A visitor centre and cafe at a historic Scottish site has been put on the market for sale.

The facility sits at the start of a walk to a stone dedicated to Scottish king Robert the Bruce who is said to have rested there during the Wars of Scottish Independence.

The Clatteringshaws Visitor Centre and CafĂ©, which is currently closed, is described as “an outstanding opportunity for a motivated purchaser”.

Barry McNeil, of Cornerstone Business Agents, said: “Cornerstone Business Agents alongside Strutt & Parker are delighted to offer for sale Clatteringshaws Visitors Centre in the heart of rural Dumfries & Galloway.

“This is an exceptional opportunity located on the east side of Clatteringshaws Loch, comprising a cafe/restaurant and visitors’ centre.

“The site consists of approximately 3.95 acres and represents an outstanding opportunity for a motivated purchaser.”

The site gives access to the Bruce's Stone, which is “dedicated to the Scottish king, Robert the Bruce, who took refuge in Galloway during the Wars of Scottish Independence”, VisitScotland said.

Forestry and Land Scotland said of the location: “Look out over tranquil Clatteringshaws Loch, a haven for waterbirds in summer, and beyond to the rolling Galloway Hills.

“On a clear day, look out for the mighty Merrick, highest hill in the Southern Uplands. Wander through mature woods along the shore of Clatteringshaws Loch to the granite stone where Robert the Bruce is said to have rested.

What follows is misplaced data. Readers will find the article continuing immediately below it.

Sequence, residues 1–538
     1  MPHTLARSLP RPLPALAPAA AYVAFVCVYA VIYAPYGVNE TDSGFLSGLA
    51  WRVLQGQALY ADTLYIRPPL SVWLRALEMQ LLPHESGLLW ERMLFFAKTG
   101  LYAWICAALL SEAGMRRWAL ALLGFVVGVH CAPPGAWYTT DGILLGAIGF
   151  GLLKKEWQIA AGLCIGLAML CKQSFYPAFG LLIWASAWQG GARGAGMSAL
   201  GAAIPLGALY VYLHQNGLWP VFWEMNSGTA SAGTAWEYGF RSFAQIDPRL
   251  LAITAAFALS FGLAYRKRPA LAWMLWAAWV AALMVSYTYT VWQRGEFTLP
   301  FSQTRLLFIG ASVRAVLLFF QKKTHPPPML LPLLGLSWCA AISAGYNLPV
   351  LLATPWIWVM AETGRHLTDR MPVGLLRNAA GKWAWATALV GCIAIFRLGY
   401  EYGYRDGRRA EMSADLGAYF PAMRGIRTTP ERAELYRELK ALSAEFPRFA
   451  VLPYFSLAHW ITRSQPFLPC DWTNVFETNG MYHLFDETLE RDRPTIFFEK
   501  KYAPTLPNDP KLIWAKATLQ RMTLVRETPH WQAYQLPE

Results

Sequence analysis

“This is also one of the best places to enjoy the night sky – overlooking the darkest part of the Forest Park, which ensures a particularly dramatic stellar show.”

“Clatteringshaws Visitors Centre sits on the A712, in the Galloway Forest Park, 12 miles north of Newton Stewart, six miles west of New Galloway,” the agent said.

“This is an area of outstanding natural beauty dominated by the Southern Uplands as well as some of richest forests in Scotland. The area is also renowned for stargazing and in 2009 it was the first area in the world to be dedicated as a dark sky park.”

Cornerstone also said: “The subjects consist of a single storey cafĂ©/restaurant and visitor centre with car parking for cars and camper vans and grounds to the north, south and west (to loch side) of the visitor centre. There are six picnic tables and several benches next to the cafĂ©/restaurant, which have southwards view over the loch and towards Merrick, the highest peak in the Southern Uplands.”

The premises are offered at ÂŁ300,000 for the freehold.

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